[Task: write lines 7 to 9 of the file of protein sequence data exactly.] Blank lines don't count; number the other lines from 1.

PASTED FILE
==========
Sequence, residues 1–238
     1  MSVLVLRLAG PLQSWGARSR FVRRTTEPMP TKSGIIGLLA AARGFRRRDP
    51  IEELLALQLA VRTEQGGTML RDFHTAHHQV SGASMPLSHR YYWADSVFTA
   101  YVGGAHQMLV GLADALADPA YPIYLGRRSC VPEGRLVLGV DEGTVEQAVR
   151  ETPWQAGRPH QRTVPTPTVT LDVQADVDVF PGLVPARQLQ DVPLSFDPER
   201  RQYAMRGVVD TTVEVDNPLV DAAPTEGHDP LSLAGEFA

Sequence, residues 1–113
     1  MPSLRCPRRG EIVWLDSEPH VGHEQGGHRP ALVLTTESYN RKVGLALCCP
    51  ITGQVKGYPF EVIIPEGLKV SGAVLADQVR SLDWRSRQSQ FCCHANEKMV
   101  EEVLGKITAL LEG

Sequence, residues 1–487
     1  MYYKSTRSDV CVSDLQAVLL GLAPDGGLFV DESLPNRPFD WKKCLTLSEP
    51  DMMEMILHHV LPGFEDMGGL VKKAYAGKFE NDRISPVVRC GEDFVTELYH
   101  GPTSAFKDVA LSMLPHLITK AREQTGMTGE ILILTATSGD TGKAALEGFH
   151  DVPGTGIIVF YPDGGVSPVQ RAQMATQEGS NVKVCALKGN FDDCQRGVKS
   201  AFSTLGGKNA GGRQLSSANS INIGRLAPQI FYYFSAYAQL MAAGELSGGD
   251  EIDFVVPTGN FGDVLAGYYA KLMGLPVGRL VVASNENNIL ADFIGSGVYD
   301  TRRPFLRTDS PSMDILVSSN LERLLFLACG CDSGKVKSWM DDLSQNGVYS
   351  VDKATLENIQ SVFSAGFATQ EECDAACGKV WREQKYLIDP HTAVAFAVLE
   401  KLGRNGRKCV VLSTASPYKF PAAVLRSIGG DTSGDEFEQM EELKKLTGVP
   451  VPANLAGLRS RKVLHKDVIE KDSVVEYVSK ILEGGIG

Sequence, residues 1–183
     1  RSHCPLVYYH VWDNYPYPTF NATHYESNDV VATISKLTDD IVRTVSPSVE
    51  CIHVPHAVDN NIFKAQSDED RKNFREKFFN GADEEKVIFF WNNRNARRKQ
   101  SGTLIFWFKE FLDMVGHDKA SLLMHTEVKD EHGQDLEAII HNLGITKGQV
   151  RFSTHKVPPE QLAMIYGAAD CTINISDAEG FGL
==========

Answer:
Sequence, residues 1–113
     1  MPSLRCPRRG EIVWLDSEPH VGHEQGGHRP ALVLTTESYN RKVGLALCCP
    51  ITGQVKGYPF EVIIPEGLKV SGAVLADQVR SLDWRSRQSQ FCCHANEKMV